Father’s Day is… interesting. It is relationally difficult, like most holidays involving all of us less-than-perfect people in our less-than-perfect families, but Father’s Day puts all of the emphasis on a specific relationship (or lack of). For some of us, it’s a perfectly lovely holiday, but for some of us, it’s a perfectly terrible holiday. And it’s a holiday that churches can acknowledge in a perfectly lovely way or a perfectly terrible way.
Just as I’m sure every woman has a particular horror story to share about a Mother’s Day church service, every man has a horror story about a Father’s Day church service. I wrote about Mother’s Day already, which is the more difficult holiday for me, I’m sure for some, Father’s Day is the more difficult holiday. I’ve written a little about the men who have shared their stories of the loss of their fathers with me in Ruth and Naomi: How to fish without Dad. Grieving the loss of a father or child is only part of what makes Father’s Day difficult. Sometimes the world makes it difficult for men to express feelings which sometimes manifests as toxic masculinity. Gender bias effects everyone.
If you have seen the movie, “On the Basis of Sex” you may remember that the case that was RBG’s big break through involved a man who was denied a tax deduction for the nursing care of his mother. “Ruth sees in this case an opportunity to begin to challenge the many laws enacted over the years that assume that men will work to provide for the family, and women will stay home and take care of the husband and children. She believes that if she could set a precedent ruling that a man was unfairly discriminated against on the basis of sex, that precedent could be cited in cases challenging laws that discriminate against women”… you can read the rest on Wikipedia or google it on your own.
Father’s Day should perhaps be a day to remind us that feminism, the work of equality for everyone regardless of gender, must be inclusive in every way. Feminism is often criticized (as it should be) for being a cis-gendered white woman’s cause. So, if that previous sentence describes you as well as it describes me, we should be listening to other voices and what their stories of gender discrimination. And perhaps on Father’s Day, we should remember that men are harmed by gender bias as well.
Below is a litany that I’ve adapted from the one I borrowed for Mother’s Day. Please let me know in the comments if you have found it useful or if you have a suggested edit. You may use it or adapt it for your own worship setting. I’m planning to use it in worship for Third Presbyterian Church on Father’s Day, 2019.
Pastoral Litany for Father’s Day
Leader: On Father’s Day, let us remember that this day is marked with joy or sadness or a little of both as we pray together.
People: In our joy and sadness, we give God thanks and praise.
Leader: For grandfathers, fathers, sons, bothers, and all men who are vulnerable, worried, and frustrated, but who have been socialized to not express their true feelings,
People: We pray for peace and safety.
Leader: For relationships that are strained and no longer a source of joy,
People: We pray for healing and strength.
Leader: For fathers who have died, and fathers who have been separated from us, but who remain in our hearts and memories,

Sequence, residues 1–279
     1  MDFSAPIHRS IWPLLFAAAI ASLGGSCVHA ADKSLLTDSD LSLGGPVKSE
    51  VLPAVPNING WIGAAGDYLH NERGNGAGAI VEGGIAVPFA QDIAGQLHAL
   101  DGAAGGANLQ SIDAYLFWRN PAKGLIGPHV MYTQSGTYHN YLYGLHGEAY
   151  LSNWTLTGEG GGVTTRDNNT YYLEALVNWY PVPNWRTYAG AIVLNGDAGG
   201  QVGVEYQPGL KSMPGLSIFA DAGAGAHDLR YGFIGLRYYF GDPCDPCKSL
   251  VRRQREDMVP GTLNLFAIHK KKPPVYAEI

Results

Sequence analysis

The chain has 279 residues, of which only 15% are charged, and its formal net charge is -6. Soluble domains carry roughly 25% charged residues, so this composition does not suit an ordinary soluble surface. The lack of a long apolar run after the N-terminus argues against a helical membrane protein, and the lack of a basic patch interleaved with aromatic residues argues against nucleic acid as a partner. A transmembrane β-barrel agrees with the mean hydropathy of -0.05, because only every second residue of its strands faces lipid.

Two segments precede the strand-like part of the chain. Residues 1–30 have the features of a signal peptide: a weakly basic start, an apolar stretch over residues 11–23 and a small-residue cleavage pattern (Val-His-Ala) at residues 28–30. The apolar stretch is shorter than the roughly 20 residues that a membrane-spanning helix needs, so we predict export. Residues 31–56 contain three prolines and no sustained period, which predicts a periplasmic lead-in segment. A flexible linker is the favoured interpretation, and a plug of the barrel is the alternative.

People: We pray for those that mourn and give God thanks for life eternal.
Leader: For fathers who grieve, who have lost children born or unborn, and for fathers who have been separated from children,
People: We weep with those with broken hearts.
Leader: For those who are raising children, who are supported by spouse and family, and those who are struggling to do it all on their own,
People: We pray that we may be their village, offering real help in hard times.
Leader: For those who are preparing to have emptier nests,
People: We both celebrate and mourn with you, and hope their wings are strong enough to carry them out into the world and back home to visit.
Leader: For stepfathers, navigating the pitfalls and joys of blended family life, and for those who are waiting for adoptive process to be fulfilled.
People: We pray for wisdom and patience.
Leader: For Grandfathers who are doing the hard work of raising children again, for uncles and brothers and all of those who have taken on a parenting role,
People: We pray for caregivers, offering our care for them too.
Leader: For those who are waiting and sometimes struggling with the biological process to bring new life,
People: We wait eagerly with you.
Leader: For men who do not have children, but instead teach, guide, and care for, the children of others,
People: We give God thanks and praise.
Leader: For the fathers, brothers, sons, in our midst and around the world. For those who face discrimination on the basis of their assigned gender or gender identity. For men who are struggling silently. For men who are brave enough to speak out. For men who are compassionate. For men who listen to the afflicted. For Dad, in their varied forms,
People: We give God thanks and praise.
1 thought on “Father’s Day 2019”
Got your most recent blog post in my email and started reading older posts–just wanted to say that I liked this liturgy so much after reading it in the service that I shared it on Facebook and got a lot of appreciation there, too.
If we feel we have to bend to the cultural expectation to “do something” in church on the secular holidays of Mother’s and Father’s Days, then not only is it mete to acknowledge what parenthood (or lack thereof) looks like in the human world, we should also consider what God’s parenthood looks like. How have our ideas influenced how we think about God, and how does the Bible challenge our (ever-changing, historically shaped) notions? For myself, I’ve started replacing “Our Father” with “Oh God” or similar, to see what it does to my experience of the prayer.
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